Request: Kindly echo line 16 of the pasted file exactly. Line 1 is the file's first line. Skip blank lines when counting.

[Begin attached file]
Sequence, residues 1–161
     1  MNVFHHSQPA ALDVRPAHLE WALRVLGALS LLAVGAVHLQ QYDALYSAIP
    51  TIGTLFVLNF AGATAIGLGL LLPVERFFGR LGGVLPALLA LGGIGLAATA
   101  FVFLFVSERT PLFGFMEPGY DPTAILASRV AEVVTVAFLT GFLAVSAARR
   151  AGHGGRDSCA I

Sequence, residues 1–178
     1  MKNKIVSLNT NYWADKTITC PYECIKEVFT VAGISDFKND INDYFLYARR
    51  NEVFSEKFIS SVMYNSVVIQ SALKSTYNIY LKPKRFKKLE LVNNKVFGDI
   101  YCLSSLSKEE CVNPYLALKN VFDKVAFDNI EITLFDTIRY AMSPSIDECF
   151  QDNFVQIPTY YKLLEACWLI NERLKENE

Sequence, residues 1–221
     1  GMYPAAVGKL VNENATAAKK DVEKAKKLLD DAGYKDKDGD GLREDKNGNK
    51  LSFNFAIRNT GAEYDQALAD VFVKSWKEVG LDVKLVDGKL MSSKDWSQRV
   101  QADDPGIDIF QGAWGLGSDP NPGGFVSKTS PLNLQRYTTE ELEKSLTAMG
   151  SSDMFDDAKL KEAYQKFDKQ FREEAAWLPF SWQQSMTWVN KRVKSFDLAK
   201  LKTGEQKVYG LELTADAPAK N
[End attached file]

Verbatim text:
   201  LKTGEQKVYG LELTADAPAK N